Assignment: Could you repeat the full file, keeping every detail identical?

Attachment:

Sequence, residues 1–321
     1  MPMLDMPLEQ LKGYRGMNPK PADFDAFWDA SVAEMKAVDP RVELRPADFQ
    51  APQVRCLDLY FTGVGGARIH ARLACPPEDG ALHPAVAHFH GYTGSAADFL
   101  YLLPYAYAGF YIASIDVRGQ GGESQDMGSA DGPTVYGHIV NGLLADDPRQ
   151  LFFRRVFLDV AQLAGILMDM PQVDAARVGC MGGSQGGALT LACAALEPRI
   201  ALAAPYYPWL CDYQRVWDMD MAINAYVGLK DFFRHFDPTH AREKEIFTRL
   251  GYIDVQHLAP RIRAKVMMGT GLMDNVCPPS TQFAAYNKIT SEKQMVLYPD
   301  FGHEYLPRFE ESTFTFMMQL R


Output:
Sequence, residues 1–321
     1  MPMLDMPLEQ LKGYRGMNPK PADFDAFWDA SVAEMKAVDP RVELRPADFQ
    51  APQVRCLDLY FTGVGGARIH ARLACPPEDG ALHPAVAHFH GYTGSAADFL
   101  YLLPYAYAGF YIASIDVRGQ GGESQDMGSA DGPTVYGHIV NGLLADDPRQ
   151  LFFRRVFLDV AQLAGILMDM PQVDAARVGC MGGSQGGALT LACAALEPRI
   201  ALAAPYYPWL CDYQRVWDMD MAINAYVGLK DFFRHFDPTH AREKEIFTRL
   251  GYIDVQHLAP RIRAKVMMGT GLMDNVCPPS TQFAAYNKIT SEKQMVLYPD
   301  FGHEYLPRFE ESTFTFMMQL R